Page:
A new study is raising concerns that British Columbians with serious illnesses could be avoiding hospital treatment because they’re worried about COVID-19.
The research from two doctors based out of Vancouver’s St. Paul’s Hospital recently published in The Canadian Journal of Emergency Medicine looked at the first three months of B.C.’s COVID-19 pandemic.
They found a 15-per cent overall decline in 911 calls, and a nine-per cent drop in calls related to critical illness.
“Fifteen per cent is a huge number,” study co-author Dr. Frank Scheuermeyer, an emergency medicine doctor at St. Paul’s hospital and associate professor at UBC, told Global News.
“People didn’t stop getting sick, they just stopped calling 911. We think it was because people were scared of getting COVID or they didn’t want to burden the health care system.”
The research comes amid concern about growing pressure on the province’s hospitals — and particularly intensive care units — due to the spread of more serious variants of the virus.
ICU admissions are at a near pandemic high, while COVID-admissions have risen to levels not seen since early January.
Scheuermeyer said while those pressures are real, they don’t necessarily affect other hospital functions — non-COVID-related units remain both safe and operational, and volumes in emergency rooms are actually down by 10 to 15 per cent, he said.
And it could be leading to dangerous or even deadly health outcomes.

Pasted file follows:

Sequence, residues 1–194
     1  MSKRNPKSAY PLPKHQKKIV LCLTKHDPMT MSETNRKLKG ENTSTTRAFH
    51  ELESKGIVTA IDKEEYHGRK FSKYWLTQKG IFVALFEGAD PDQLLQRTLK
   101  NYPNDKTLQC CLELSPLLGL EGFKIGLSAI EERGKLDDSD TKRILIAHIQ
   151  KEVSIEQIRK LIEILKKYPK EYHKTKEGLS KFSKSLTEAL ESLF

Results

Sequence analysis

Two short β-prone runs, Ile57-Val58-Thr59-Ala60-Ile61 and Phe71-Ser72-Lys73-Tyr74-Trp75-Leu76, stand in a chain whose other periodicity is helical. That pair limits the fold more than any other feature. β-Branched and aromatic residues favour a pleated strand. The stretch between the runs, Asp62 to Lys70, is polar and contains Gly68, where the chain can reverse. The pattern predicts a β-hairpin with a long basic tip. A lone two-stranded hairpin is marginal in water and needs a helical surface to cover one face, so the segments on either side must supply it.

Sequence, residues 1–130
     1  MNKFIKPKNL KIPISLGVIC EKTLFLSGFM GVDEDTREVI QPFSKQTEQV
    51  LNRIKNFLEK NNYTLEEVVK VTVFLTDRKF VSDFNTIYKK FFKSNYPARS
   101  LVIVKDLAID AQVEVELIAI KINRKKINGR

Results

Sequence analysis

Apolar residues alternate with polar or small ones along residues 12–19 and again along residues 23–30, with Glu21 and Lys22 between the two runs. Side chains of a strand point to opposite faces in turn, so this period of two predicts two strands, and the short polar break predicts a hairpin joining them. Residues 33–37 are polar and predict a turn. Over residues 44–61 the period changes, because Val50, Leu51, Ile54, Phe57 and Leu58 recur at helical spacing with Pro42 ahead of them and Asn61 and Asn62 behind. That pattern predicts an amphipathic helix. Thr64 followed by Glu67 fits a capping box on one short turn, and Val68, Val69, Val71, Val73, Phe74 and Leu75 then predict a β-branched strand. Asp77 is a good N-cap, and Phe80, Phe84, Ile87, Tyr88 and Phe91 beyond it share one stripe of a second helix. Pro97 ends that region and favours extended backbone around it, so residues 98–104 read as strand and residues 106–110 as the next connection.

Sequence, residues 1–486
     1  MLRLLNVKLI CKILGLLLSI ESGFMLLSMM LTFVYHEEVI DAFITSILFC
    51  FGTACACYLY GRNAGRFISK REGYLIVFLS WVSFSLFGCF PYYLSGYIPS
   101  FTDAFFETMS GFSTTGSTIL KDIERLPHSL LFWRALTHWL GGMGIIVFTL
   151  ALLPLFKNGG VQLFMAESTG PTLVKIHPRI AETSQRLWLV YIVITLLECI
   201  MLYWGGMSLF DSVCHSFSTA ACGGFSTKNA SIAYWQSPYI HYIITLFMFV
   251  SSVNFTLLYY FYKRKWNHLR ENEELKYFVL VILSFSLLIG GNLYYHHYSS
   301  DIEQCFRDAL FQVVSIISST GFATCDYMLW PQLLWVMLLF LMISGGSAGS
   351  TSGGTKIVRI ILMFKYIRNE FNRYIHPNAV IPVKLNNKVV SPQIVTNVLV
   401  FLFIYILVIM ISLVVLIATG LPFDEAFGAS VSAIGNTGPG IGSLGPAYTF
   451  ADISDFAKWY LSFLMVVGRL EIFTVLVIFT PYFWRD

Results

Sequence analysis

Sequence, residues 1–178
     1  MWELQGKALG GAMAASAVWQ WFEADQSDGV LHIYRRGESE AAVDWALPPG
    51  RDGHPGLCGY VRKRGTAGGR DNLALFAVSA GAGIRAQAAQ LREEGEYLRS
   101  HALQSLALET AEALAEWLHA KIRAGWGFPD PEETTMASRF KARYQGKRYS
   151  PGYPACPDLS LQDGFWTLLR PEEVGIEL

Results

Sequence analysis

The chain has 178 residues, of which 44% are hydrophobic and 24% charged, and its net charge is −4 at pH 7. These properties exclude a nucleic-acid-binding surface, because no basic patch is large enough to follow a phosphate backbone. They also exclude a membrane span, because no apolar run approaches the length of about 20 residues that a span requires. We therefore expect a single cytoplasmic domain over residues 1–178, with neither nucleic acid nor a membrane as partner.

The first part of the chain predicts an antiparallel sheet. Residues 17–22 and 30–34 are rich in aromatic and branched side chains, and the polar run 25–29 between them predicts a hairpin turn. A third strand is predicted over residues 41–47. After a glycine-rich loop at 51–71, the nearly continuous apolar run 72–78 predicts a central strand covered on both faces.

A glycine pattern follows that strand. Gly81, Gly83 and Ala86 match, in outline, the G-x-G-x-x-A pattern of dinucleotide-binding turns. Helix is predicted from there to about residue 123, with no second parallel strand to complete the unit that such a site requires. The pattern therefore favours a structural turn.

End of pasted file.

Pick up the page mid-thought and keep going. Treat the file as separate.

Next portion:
“What we’re seeing is people coming in with three or four months of abdominal pain, and they have a late-stage cancer,” he said.
“We’re starting to miss things like cancer, diabetes, heart problems, and these are going to have long-term implications for people’s physical health, their emotional health and their quality of life.”
At their briefings, provincial health officer Dr. Bonnie Henry and Health Minister Adrian Dix have reiterated several times that British Columbians who are ill should not avoid seeking treatment due to fears of COVID-19 exposure.
But Scheuermeyer said he is concerned that message is not getting through,
“We’d like patients to go to the hospital if they’re sick,” he said.
“We’re open, we’re there, we still are there to provide care … it’s safe to go, and we don’t want to be missing too many heart attacks and cancers and new onset diabetes.”
“There’s still lots of space. The hospitals are safe. The emergency departments are safe.”
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